Updated: Sep 11
For as long as I can remember, I have been involved with Boy Scouts of America. As a child, my parents signed me up for a Cub Scout Pack and I spent my early years learning how to work with crafts by making a leather wallet and helping others by doing simple projects around the school or in our home. As I got older, I learned how to handle a knife, build a fire and set up a tent. I also participated in more service projects.
By the time I hit 6th grade, I crossed over to Boy Scouts where knot tying and leadership skills were the new norm. Our service projects grew in size and we spent time building benches, cleaning parks and helping other scouts with their Eagle Scout Service Projects, including my own. We were also introduced to the concept of Cheerful Service through the Order of the Arrow, the National Honor Society of the BSA.
It was through Scouting I learned to give back to those helping me through my life’s journey and to my surrounding community. This concept has never left me and over time I have found that volunteering not only helps the organizations I participate in, but also helps me grow as a person.
I served as a Den Leader and then Cubmaster in my sons’ Pack for 8 years. This time was filled with excitement, fun, frustration, joy and sadness. And through the years, I learned how to lead a group of volunteers, plan programs that kept scouts and parents excited, and grew our pack from about 30 boys to over 100. After our boys aged out of the Pack and moved on to the Boy Scout Troop, I became an assistant Scoutmaster and the Charter Organization Representative, or Scouting Coordinator for six boy and girl scout units at our church.
Needless to say, I not only found value in promoting Scouting’s character building and leadership development for our young people, but the idea of continuing to give back has become a part of my core. Whether it’s providing assistance with my sons’ organizations, my HR professional associations, the churches I have belong to, or other community support service organizations, the idea of giving back is a natural part of who I am.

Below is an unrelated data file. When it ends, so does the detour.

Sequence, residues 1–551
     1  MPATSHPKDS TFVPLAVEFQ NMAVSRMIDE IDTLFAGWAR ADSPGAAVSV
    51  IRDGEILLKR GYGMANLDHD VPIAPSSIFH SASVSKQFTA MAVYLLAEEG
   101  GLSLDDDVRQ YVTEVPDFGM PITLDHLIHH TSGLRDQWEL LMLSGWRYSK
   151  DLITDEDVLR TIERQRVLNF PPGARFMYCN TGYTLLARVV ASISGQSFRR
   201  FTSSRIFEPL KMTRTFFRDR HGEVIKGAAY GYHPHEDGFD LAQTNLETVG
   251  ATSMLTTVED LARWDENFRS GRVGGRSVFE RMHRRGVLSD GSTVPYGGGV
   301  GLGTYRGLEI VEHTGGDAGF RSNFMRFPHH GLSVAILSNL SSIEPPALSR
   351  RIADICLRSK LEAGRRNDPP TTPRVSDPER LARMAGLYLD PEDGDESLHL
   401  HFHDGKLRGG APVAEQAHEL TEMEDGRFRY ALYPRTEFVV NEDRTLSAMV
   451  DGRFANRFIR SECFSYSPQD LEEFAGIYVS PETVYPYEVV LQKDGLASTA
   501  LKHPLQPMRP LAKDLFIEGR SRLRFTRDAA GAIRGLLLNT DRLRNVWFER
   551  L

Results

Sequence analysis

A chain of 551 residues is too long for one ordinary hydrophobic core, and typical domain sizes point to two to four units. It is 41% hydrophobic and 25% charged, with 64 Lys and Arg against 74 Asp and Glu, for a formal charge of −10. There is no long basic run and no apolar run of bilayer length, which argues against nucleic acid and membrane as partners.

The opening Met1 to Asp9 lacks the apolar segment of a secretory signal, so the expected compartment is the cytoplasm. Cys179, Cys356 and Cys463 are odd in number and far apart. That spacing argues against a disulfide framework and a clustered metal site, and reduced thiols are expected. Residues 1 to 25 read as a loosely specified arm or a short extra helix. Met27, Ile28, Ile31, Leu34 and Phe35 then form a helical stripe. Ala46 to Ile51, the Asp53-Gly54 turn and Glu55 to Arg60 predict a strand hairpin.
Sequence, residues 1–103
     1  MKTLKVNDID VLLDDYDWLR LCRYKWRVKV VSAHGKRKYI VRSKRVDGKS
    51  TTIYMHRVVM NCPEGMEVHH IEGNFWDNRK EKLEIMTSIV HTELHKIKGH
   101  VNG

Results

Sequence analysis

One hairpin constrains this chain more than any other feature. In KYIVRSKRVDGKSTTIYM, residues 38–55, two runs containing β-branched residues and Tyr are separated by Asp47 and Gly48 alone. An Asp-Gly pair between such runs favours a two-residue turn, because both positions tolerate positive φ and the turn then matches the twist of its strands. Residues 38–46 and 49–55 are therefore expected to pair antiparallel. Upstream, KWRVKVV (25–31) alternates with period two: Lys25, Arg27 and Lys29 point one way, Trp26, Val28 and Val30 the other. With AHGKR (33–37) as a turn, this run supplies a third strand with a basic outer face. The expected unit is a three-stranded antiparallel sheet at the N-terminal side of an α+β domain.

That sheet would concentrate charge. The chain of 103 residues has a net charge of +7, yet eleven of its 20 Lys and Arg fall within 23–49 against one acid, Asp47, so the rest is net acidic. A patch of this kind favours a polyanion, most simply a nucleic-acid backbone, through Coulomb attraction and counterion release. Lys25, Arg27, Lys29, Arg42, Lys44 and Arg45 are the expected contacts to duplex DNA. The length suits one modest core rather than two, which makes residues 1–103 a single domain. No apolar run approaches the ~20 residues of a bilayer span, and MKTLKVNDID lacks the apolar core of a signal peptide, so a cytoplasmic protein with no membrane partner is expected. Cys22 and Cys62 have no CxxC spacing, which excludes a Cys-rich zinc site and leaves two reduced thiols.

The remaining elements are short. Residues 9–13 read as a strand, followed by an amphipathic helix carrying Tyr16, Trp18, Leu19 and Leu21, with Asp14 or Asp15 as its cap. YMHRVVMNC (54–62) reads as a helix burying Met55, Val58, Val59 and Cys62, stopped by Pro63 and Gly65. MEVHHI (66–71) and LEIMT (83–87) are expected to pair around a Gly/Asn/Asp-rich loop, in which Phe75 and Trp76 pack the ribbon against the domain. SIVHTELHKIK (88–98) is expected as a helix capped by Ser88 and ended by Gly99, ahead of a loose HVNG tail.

I have been asked why I spend so much of my free time doing these activities. I usually say I have free time so I can do these activities. For me, it’s not another thing I have to do, but rather a thing I get to do. My time in Scouts as both a youth participant and an adult volunteer has helped me grow in many ways.
I understand the value of my time and how I can make it more valuable by helping others.
I find joy in watching others grow and benefit from their participation in these organizations.
I love being able to spend time with my family as they also serve or participate with me.
I have a great sense of happiness-- particularly after a successful camping trip with scouts and parents who may have never set up a tent before, walked away utterly exhausted, with a huge smile on their face saying – they can’t wait to do it again.
There have been challenges, to say the least. But I have personally grown by overcoming those challenges and seeing the successful outcome on the other side. Frankly, without the time I have spent serving others, I’m not sure I would have been able to successfully start and grow my own business.
Scouting is not the only organization where I volunteer. I give back to SHRM Jacksonville, HR Florida and the Society for Human Resource Management and participate in the leadership of a new church launch for Longleaf Church. I also spend time working with the American Foundation for Suicide Prevention in memory of our oldest son.
There is so much we have to offer others. Our knowledge. Our life experiences. Our passion for our favorite hobbies. Don’t hide these away. Share these joys with others. Go out – volunteer. You will be amazed at how much you get in return for the time you give to others!